December 10, 2008 > East Bay Greenway project
East Bay Greenway project
By Simon Wong
Two years ago, the East Bay Greenway was envisioned as a thirty-mile, pedestrian-and-cycle corridor from south of Lake Merritt in Oakland to Fremont BART station.
The project's Concept Plan, released in September 2008 and funded by the California Endowment, the State Coastal Conservancy and the Evelyn and Walter Hass, Jr. Fund, is the result of more than forty community meetings and details a shorter route.
For now, the East Bay Greenway will be a twelve-mile, bike-and-pedestrian path from 18th Avenue in Oakland to Hayward BART Station passing through some of the least affluent and most densely populated areas in the East Bay. The non-motorized corridor, which will connect communities and schools with transit and link the BART stations along its route, will be at ground level and run beside the BART tracks, beneath elevated sections and on roads adjacent to the tracks.
When BART was constructed, the original plans for the Oakland-Hayward corridor included a bicycle route that followed its tracks but it never materialized. San Francisco-based Urban Ecology (UE), a project partner, strives to create thriving healthy neighborhoods and sustainable environments through community-based design. When UE examined the corridor, they discovered that communities along its length had fashioned their own make-shift routes in the meantime, clearly indicating a demand for such an amenity.
The East Bay Greenway will run parallel to the San Francisco Bay Trail and the Ridge Trail. It will connect to both recreational trails via local bike routes allowing pedestrians and cyclists to create their own "loops" by combining sections from each of these paths.
The Ohlone Greenway, a landscaped cycle-and-pedestrian path in Albany and El Cerrito underneath the BART right-of-way, is used for recreation and commuting and an example of what can be achieved.
The East Bay Greenway project is important for five reasons.
First, it addresses environmental and social inequity. The communities along the Greenway are predominantly non-white, low-income and often marginalized. There is a correlation between socio-economic status and access to parks and recreational amenities. The Greenway will provide access to such resources. Moreover, low-income groups are more likely to use public transit, walk or cycle.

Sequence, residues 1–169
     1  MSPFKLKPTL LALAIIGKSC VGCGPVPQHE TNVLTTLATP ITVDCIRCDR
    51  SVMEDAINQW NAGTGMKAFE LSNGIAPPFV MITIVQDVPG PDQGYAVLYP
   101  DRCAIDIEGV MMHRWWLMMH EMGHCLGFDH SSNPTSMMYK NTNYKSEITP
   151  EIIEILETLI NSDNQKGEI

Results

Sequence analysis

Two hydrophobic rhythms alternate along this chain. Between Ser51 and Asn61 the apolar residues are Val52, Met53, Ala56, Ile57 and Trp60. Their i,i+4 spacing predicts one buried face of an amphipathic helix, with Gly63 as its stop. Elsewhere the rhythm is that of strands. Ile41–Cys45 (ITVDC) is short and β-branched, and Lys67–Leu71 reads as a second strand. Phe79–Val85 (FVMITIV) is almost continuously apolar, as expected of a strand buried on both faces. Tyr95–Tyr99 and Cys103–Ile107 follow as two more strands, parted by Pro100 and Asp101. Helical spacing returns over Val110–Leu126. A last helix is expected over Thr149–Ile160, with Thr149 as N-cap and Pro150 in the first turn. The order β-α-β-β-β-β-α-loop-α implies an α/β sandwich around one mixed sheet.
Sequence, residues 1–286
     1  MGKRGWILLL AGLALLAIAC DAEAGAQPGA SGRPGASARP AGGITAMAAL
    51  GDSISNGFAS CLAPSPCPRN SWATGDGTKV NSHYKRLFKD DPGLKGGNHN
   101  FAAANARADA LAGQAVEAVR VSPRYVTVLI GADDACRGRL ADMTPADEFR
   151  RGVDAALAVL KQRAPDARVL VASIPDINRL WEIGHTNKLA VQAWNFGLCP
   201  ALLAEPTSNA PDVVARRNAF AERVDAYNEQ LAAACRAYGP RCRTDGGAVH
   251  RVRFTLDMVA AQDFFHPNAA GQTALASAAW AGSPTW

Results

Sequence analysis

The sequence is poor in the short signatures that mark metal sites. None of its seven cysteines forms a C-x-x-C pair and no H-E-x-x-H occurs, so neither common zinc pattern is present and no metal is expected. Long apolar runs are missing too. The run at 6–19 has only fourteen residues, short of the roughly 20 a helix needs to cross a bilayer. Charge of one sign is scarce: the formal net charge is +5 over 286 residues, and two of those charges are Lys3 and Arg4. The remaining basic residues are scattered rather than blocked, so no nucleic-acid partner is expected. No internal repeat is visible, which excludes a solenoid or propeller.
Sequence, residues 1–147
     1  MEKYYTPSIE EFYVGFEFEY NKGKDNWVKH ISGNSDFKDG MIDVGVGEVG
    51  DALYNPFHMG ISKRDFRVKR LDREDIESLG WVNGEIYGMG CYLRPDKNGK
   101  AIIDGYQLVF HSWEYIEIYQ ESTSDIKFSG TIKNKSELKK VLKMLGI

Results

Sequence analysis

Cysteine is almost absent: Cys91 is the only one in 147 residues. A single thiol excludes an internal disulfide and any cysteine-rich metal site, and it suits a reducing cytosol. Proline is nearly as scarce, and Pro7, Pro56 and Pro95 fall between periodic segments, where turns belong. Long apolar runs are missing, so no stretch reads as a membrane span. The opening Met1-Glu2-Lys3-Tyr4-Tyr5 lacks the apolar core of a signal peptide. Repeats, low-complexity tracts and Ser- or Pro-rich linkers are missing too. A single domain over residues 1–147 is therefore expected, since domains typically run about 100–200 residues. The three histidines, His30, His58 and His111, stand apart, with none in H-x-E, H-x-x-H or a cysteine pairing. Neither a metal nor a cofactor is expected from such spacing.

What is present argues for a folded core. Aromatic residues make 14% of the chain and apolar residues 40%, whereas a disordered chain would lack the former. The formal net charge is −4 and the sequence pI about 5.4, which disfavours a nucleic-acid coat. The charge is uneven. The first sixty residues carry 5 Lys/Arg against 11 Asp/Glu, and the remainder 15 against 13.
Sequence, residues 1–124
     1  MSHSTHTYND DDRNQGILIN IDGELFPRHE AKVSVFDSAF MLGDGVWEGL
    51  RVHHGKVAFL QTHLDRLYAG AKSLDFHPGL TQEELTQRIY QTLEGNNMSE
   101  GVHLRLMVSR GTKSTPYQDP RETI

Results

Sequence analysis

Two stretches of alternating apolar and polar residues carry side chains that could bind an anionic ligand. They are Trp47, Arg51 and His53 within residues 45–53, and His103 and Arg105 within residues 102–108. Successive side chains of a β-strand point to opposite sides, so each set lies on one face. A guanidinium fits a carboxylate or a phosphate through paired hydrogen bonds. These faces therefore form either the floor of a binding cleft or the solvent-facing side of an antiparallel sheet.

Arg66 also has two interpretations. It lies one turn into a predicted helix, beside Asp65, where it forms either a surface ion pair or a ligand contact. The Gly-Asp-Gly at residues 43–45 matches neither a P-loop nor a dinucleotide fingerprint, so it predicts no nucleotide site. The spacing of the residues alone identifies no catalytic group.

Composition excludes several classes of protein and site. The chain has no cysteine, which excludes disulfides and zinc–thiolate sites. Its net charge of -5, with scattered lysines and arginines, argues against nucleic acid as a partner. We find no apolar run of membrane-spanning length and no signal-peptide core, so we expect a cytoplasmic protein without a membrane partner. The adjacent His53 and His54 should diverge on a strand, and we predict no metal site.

Second, health. Residents along the corridor suffer a gamut of health problems from asthma to obesity to coronary heart disease. These communities, which have a fraction of the National Recreation and Park Association's standard of six acres of parkland per one thousand residents, will have access to recreational facilities and open space that will directly benefit their health.
Third, it provides safe, sustainable and affordable transportation alternatives. Transit-oriented developments and public transit will be implemented along the corridor to facilitate access to services. Communities will enjoy better pedestrian and bicycle access, as affordable transportation alternatives, via the Greenway to BART stations.
Fourth, it increases public safety and community pride. Empty, urban spaces often become havens for refuse, vandalism and crime. Developing the Oakland-Hayward corridor will reverse the decline. The use of attractive landscaping and lighting and community-ownership of the space will deter crime. The route will include emergency call boxes.
Fifth, it will establish a sense of place and restore the natural environment. Neighborhoods beside the Greenway have suffered industrial and traffic pollution for decades. The Greenway will improve the environment and well-being of residents and instil community pride.
The preliminary cost estimate for the project is $32 million. This covers the design, engineering and construction of the preferred alignment of the East Bay Greenway but excludes land and easement acquisition and maintenance of the corridor. BART, the Union Pacific Railroad (UPRR) and city and county governments own the land along the proposed route.
Alameda County Transportation Improvement Authority (ACTIA) is the "lead agency" for the project's environmental phase. Completion is expected in early 2009 at which point federal, state, regional and local funding will be sought for construction.
Although extending the East Bay Greenway to Fremont is not part of the Concept Plan, the idea has not been dismissed for the future.
For more information, visit www.urbanecology.org and www.actia2022.com